This is a post demonstrating the Meridian Stretches for Water Element: Kidney and Urinary Bladder Meridians. But first I will point out the aims of a Shiatsu treatment, you may stretch your limbs to clear your meridians and you may see a Shiatsu therapist to heal all the body. Meridian therapy is 1 aspect of a Shiatsu treatment, which includes manual healing, exercise and dietary admonitions.
The aim of a Shiatsu Treatment
A. Centering the Hara or Mind
The ultimate aim of a shiatsu session is to “settle” a person into their hara-our mind. This returns a human to their natural state, which is self-corrective.
B. Balancing Meridians
Shiatsu encourages a balanced flow of energy through the body.
C. Balancing Underactivity and Overactivity
Balancing energy involves encouraging energy to flow through meridians that are underactive (kyo) and sedating meridians that are overactive (jitsu).
D. Balancing the Five Elements
Meridian treatment also treats imbalances according to the five element system. If a certain element is out of balance, the associated meridians become a focus of the treatment.
According to Shiatsu Theory, ll movement should come from the hara. Pressure is not applied merely with the muscular strength of the arms or fingers, but flows from the hara. This quality of treatment is transferred to the recipient and encourages their energy to gather in the hara.
B. Finger Pressure
Finger pressure is the quintessential technique of Shiatsu (it is, after all, what the name means). The principle is to apply pressure perpendicular to the body. This allows the “whole body” or the hara to be behind the pressure.
C. Additional Technique
In addition to finger pressure, pressure can be applied with the palms, fist, elbows, knees, and feet.
In order to move energy and open up the meridians, shaking, tapping, rotating, massage, stretching, and a variety of other techniques can be used.
Palm healing fits very nicely in a shiatsu session when there is enough time and it seems appropriate. Generally palm healing, or reiki, is not a major part of a 50 or 60 minute session, but longer sessions can include a significant amount of palm healing work.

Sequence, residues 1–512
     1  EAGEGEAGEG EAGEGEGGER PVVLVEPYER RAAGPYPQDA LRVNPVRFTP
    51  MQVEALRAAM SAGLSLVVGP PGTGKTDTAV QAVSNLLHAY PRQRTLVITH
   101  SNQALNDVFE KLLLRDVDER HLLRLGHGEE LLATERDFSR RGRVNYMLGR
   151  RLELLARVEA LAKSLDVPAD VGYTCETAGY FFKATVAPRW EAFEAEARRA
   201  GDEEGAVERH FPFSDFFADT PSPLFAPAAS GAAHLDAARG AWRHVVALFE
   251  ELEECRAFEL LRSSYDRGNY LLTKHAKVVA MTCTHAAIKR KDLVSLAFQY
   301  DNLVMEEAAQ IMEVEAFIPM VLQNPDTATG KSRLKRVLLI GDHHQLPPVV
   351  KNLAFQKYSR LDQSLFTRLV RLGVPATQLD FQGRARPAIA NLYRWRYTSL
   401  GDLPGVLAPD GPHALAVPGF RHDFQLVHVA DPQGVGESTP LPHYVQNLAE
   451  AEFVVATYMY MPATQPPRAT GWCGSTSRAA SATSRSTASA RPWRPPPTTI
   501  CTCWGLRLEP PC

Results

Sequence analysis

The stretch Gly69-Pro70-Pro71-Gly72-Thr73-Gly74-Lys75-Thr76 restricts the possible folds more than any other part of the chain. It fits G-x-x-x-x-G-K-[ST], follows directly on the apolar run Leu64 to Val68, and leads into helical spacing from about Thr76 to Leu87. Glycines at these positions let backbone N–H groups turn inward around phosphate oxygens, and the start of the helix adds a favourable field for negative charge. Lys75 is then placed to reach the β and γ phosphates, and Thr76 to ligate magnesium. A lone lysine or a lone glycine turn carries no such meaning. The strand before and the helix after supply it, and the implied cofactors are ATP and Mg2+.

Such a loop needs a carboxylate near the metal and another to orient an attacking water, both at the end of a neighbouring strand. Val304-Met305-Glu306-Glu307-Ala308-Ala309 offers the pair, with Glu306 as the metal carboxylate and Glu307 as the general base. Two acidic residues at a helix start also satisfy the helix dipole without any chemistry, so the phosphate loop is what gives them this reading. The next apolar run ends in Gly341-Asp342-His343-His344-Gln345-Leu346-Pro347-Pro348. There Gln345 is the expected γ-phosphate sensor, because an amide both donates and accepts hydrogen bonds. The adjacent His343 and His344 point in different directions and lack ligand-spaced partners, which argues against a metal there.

D. Tonification and Sedation
Tonification is used for kyo. When meridians are weak and deficient they benefit from tonification, which is a slower, deeper style.
Sedation is used for meridians that are overactive (jitsu).
It is now time to strengthen our ‘water element’ for the winter months. The water element in Five element Chinese Medicine Theory consists of the Kidneys, the Urinary Bladder, and their associated meridian channels. The Kidney meridian consists of 27 major acupressure points starting at the soles of our feet and finishing just below the clavicle bone on our chests. The Urinary Bladder meridian channel starts between the eyes and finishes on the side of the little toes. With 67 acupressure points in total, the Urinary Bladder meridian is the longest.
A well balanced water element requires a good flow of Qi (energy), and blood circulation in the meridians just mentioned, and has an impact on ones emotional and physical wellbeing. When the water element is out of balance, a person may feel depressed, fearful, insecure, and lacking in confidence. In contrast, a person with a balanced water element is likely to display courage and determination. Physical effects of imbalance include insomnia, trembling, lower back pain, frequent urination, thinning of the head hair, hearing loss, ankle and wrist pain, and feeling cold all the time.
Foods that are good for the water element are sea vegetables, sea weed, fish, oysters, mussels, tuna, pork, boiled eggs, black sesame, eggplant, sweet potato, celery, cucumber, lettuce, adzuki beans, red kidney beans, lentils, apple, banana, grapes, raspberries, chestnut, pistachio, and walnuts.
Exercises that can help to strengthen the water element are swimming, walking, Tai Chi, Qi Kong, meridian stretches and meditation.
Shiatsu massage and oriental therapies such as moxa and sliding style cupping can also help strengthen the water element, restoring balance and activating the body’s self healing power. The first two photos demonstrate Urinary Bladder Meridian Stretches, and the last two photos show Kidney Meridian Stretches. Sit flat on the floor, with your toes pointing up, take a deep breathe and breath-out as you stretch your arms towards your toes with your thumbs pointing down. Reach as far forward as you can, hold in that position and breathe naturally to feel the stretches under your legs. Remember not to push beyond your own limitation. Stretch your right arm forward and retract the left leg by moving your left heel inward. Repeat the same on the other side. Breathe naturally to feel the stretches in your inner thighs. Remember not to push beyond your own limitation.